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Bandwidth gains

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DQW Bureau
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A lot of churning is taking place in the telecom bandwidth sector. The dominant player, the government-owned VSNL has dropped its price upto 40 percent for the bandwidth it supplies to Internet Service Providers (ISPs) and other corporate users. Further, policy alterations have been announced which would allow other players, mainly foreign telecom bandwidth suppliers, to access customers directly.

So far India's overseas telecom monopoly VSNL which was the first ISP has been keeping the bandwidth access close to its chest. VSNL had ensured through appropriate policy measures that its monopoly turf is protected. So much so the nascent private ISP business has been thrown into a disarray, having to compete unfairly with the first ISP, on various fronts.





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Perhaps, VSNL had no choice when it announced its price cuts. The telecom landscape is changing fast in the run up to the termination of VSNL's monopoly on overseas telecom services on 31 March, 2002. From April 1, this segment too is being thrown open to the private companies. Another significant development is the settlement of a dispute between VSNL and Flag Telecom, which has landing points in the country for its globe-girdling undersea cables that carry Internet traffic. Flag Telecom had to sell its bandwidth only to VSNL so far. Now the foreign carrier will be able to sell directly to customers.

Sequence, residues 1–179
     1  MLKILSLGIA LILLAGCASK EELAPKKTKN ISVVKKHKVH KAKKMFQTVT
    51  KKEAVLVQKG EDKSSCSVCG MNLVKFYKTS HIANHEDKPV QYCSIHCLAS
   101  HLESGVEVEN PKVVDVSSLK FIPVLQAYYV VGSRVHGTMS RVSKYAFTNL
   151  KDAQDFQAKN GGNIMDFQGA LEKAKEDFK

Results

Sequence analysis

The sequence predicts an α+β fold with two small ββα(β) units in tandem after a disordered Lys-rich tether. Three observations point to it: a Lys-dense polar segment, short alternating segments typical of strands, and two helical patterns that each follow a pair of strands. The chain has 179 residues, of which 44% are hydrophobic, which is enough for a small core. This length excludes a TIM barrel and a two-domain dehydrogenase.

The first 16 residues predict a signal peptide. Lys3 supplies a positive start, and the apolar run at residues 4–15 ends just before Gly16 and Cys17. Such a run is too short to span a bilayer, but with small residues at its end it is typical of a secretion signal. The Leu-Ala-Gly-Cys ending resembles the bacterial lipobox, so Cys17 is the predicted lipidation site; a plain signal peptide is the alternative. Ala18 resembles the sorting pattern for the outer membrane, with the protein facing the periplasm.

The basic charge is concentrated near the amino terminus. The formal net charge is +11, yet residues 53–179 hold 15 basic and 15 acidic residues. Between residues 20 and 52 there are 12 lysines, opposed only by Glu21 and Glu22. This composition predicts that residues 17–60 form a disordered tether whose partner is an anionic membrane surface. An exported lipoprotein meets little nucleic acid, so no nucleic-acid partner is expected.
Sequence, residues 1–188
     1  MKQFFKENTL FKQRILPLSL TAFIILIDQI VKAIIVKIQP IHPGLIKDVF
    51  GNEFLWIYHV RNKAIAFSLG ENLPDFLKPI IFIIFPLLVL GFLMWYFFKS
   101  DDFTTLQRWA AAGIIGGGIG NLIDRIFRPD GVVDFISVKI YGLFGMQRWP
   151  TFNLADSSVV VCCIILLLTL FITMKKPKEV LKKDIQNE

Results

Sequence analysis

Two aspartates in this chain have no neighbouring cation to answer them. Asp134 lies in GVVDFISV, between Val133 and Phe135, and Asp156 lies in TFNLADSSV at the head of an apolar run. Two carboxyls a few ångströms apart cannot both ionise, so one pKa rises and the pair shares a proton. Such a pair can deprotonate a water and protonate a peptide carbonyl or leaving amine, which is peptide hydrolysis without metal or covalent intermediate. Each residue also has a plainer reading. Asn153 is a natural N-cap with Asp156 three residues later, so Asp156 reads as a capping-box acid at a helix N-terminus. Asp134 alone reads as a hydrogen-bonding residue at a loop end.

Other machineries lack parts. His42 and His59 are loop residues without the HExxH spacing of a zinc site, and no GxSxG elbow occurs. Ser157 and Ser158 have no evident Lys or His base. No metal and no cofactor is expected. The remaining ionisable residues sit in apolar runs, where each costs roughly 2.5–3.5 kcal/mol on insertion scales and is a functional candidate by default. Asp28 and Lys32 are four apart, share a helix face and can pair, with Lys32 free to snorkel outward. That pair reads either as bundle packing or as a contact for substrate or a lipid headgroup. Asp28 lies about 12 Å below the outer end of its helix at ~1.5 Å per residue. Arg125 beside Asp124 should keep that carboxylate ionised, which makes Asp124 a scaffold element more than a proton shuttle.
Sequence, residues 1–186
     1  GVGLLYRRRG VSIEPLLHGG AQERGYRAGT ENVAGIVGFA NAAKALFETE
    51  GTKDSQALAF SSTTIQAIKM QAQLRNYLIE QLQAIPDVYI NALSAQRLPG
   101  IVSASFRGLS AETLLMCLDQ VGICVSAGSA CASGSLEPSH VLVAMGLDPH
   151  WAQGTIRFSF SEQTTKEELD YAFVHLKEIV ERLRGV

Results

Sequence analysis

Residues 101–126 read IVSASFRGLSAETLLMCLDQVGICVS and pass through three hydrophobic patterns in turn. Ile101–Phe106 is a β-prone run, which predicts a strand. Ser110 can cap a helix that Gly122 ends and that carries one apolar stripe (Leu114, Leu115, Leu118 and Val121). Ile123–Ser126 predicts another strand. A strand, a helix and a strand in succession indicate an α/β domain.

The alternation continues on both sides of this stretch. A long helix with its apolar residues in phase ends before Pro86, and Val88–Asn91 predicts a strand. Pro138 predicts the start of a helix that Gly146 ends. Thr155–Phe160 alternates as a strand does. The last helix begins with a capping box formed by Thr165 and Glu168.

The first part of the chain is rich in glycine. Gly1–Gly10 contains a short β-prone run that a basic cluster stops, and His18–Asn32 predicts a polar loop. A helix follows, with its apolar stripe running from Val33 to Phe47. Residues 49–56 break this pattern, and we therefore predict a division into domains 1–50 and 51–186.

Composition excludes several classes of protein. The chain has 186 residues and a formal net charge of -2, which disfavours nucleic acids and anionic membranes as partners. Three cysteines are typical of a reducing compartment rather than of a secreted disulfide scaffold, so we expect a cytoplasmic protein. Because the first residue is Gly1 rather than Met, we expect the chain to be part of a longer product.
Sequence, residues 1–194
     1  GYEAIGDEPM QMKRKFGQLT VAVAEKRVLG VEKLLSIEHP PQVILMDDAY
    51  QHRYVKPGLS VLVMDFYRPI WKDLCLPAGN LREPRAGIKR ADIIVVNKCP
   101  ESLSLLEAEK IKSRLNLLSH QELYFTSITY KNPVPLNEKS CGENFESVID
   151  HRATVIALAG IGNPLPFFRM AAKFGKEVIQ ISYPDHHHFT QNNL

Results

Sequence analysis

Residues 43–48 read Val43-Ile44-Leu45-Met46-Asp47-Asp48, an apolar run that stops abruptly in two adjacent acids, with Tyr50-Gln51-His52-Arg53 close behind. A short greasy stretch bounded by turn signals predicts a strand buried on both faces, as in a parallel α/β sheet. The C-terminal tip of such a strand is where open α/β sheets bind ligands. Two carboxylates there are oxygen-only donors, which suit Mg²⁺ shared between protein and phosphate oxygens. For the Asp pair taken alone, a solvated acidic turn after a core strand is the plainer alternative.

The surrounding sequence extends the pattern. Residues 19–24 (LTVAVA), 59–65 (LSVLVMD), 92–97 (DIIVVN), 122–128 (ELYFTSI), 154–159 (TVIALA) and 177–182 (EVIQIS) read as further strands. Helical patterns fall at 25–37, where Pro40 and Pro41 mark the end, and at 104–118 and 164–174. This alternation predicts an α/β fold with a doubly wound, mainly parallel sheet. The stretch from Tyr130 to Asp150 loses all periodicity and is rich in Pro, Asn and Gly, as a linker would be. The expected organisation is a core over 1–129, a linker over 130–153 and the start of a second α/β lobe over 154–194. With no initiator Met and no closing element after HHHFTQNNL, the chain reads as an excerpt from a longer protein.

This is certainly good news for the bandwidth-starved nation. Right away about 1000 megabits per second(MBPS) of bandwidth lying idle with Flag will be available to Indian companies. On its own, the nation has a bandwidth of 870 MBPS.


Of course, these actions may not result in immediate gains for Indian customers. Many ISPs and other bandwidth providers have reportedly entered into long term contracts with satellite-based bandwidth providers to route their Internet traffic.

Satellite bandwidths are typically more expensive than the optical fiber based pipes. So many of these companies will have to renegotiate their contracts before they could switch over to the now less expensive services from

VSNL.

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Also, it is unlikely that ISPs would pass on the benefits of such reduction, if any, to their retail customers right away. It could be sometime before the prices begin to fall as the loss-making ISPs use the immediate opportunity to shore up their bottomlines first before passing on the reduced costs to their customers. Unless of course, competition and customer pressure force them to do so.

But why has VSNL acted at this time to hurt its own foot is a mystery. After all, the government is receiving bids to offer 25 percent of its stake in the company this week. VSNL's valuations are bound to fall further with the news about weakening of its monopoly position in yet another key segment where it is a dominant player. Experts estimate that the government may lost Rs 100-150 crore in VSNL's valuations.

Competition is a good thing for the segment. Software exporters and IT-enabled services should feel happy about the development. In the long run, it would offer more choices and decrease the cost of bandwidth, which is a key ingredient in their business. Especially so when the chances of orders of outsourced work from abroad are in the pipeline in the wake of the global economic slowdown. Cheers to the entry of competitive forces in yet another arena in telecom.

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